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These German children's songs bring tears to my eyes

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These German children's songs bring tears to my eyes
Photo: DPA
10:18 CET+01:00
When I arrived in Germany eight years ago I had no idea about German songs. But then I started working in a kindergarten and discovered a treasure trove of listening pleasure.

I started working at a bilingual kindergarten in Munich in 2009 where my German co-teacher loved to sing as much as I loved to listen. She opened my ears to some of the most melodious and famous German songs.

Once these ditties entered my ears, they stubbornly refused to leave. They were so devastatingly melodious that they wrung tears out of my eyes. They gripped me with a sweet pain, touched my soul and made me feel strangely incomplete when I didn't hear them.

I sang them in crowded market squares, hummed them in noisy U-Bahn stations when no one would hear me, and whistled them like a lark who had forgotten how to stop singing.

When I sang Leise rieselt der Schnee (Quietly flutters the snow) or Schneeflockchen, Weißröckchen (Little snow flake, little white dress), I didn't care if it was winter or summer. I didn't wait for Christmas to sing Kling, Glöckchen (Ring, little bell) or in der Weihnachtsbäckerei (In the Christmas bakery).

The love affair that began is as strong now as if it just started yesterday. I have never been able to get past children's songs to move on to other genres.

There's a reason it's easy to fall in love with deutsche Kinderlieder - Germany has been home to some of the most renowned composers, producers and performers in the world. It is the largest music market in Europe, and the third largest in the whole world.

German composers include some of the most accomplished and popular in history, among them Johann Sebastian Bach, Ludwig van Beethoven, and Franz Schubert.

This lends a remarkable aura to a seemingly small thing like a children's song. These songs are a fine form of poetry, have deep philosophical meaning and nostalgic melodies that are impossible to find elsewhere.

Consider this line from a canon by 19th century composer August Mühling: Froh zu sein bedarf es wenig und wer froh ist, ist ein König! (It takes very little to be happy, and whoever is happy is a king!). Where else can one find such a pearl of wisdom in a song for children? Germany is the land where babies and young ones still fall asleep to Beethoven and Mozart.

Most of the current popular children's songs were written down during the 19th century. August Heinrich Hoffmann von Fallersleben alone is said to have penned more than 500 of them.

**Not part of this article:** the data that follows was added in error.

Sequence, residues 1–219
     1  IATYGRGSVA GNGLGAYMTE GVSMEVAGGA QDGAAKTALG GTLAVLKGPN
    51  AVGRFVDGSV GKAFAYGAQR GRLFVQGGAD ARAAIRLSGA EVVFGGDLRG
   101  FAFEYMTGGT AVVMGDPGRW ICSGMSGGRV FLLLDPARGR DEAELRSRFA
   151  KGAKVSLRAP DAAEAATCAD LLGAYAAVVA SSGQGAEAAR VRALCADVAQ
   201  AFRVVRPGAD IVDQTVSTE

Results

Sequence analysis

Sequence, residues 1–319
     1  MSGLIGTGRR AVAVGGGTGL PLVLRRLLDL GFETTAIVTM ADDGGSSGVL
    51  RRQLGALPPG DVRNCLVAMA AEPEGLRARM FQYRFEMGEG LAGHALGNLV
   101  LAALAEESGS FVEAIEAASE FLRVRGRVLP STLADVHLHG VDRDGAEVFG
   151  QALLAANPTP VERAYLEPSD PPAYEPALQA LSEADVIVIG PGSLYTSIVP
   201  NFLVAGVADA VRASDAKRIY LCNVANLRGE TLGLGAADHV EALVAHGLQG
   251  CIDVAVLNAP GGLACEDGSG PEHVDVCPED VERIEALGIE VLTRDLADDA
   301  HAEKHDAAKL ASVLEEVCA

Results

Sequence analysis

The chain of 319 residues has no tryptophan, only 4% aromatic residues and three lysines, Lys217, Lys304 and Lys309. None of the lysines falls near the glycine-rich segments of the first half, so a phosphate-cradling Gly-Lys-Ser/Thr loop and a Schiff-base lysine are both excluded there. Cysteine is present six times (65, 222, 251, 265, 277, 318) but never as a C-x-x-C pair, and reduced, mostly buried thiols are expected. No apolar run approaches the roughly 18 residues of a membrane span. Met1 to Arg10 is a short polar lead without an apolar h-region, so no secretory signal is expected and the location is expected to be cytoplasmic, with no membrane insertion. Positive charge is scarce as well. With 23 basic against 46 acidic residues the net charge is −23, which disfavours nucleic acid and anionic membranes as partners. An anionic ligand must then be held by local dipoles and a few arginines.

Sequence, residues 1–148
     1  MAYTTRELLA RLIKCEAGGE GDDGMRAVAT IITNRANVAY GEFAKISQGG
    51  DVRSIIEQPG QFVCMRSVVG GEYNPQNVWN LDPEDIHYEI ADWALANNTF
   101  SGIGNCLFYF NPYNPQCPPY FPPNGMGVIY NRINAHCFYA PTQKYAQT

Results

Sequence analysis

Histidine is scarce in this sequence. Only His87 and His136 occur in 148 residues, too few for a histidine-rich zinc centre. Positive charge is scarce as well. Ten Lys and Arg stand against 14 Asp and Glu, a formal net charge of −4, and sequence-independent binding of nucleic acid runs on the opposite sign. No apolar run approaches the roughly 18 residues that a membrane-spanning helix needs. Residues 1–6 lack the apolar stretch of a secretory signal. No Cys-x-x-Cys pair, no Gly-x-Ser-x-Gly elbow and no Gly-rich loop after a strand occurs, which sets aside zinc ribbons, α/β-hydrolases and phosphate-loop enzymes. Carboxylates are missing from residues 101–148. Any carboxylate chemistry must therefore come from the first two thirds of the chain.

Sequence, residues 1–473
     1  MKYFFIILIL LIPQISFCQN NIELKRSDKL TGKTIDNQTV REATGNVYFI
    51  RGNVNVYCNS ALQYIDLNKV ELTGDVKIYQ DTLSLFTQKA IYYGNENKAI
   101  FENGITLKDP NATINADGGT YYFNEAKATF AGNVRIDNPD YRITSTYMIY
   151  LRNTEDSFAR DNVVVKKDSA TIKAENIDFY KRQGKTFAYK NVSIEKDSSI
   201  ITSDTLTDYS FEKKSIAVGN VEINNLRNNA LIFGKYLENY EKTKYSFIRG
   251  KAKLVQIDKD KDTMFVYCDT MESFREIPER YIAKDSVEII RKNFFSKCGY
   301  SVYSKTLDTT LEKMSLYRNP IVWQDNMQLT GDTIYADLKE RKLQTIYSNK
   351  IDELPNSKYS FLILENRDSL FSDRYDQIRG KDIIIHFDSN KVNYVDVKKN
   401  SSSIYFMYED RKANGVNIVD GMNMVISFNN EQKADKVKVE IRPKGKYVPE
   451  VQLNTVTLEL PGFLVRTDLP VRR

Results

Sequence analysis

Some of his famous songs that every German child knows are Alle Vögel sind schon da (All the birds are already there), Ein Männlein steht im Walde (A man stands in the forest) and the Christmas song Morgen kommt der Weihnachtsmann (Father Christmas is coming tomorrow).

Children in Germany have songs for every occasion and every reason you can possibly think of. They have songs for Easter, for Christmas, for baby Jesus, for New Year, for Nikolaus, for the weather, for birthdays, for animals and for fruit, just to name a few. If you dropped your hat, they probably have a song for that too.

What I admire most is how one can travel the length and breadth of the country and the children learn and sing the same Easter, St. Martin's or Nikolaus songs. These lyrics act like a thread that ties Germany together.

You might not realize it, but some famous English Christmas carols are actually translations of original German Weihnachtslieder (Christmas songs). 

The beautiful "Silent Night" was first the German Stille Nacht, neilige Nacht, written by Joseph Mohr, and set to music by Franz Xaver Gruber in 1818.

Similarly, "O Christmas Tree" is a direct translation of O Tannenbaum, which was originally a German folk song.

Interestingly, there are also German versions of many popular English kindergarten songs like "Wheels on the bus" and "If you’re happy and you know it", as well as songs for entire fairy tales like Sleeping Beauty and Hansel and Gretel.

I can only say that learning about German culture is incomplete without learning about its rich musical heritage. Similarly, talking about music is incomplete without an honorable mention of German rhyme and rhythm.

But more than that, for anyone who loves music, German children’s songs are a must. At any rate, German Kinderlieder have found a permanent place in my heart. Neither my festivals, nor seasons, nor my day-to-day kindergarten life would be complete without them.

Ratna Srivastava blogs at The Sun in my Cup, and you can visit her Facebook page here.

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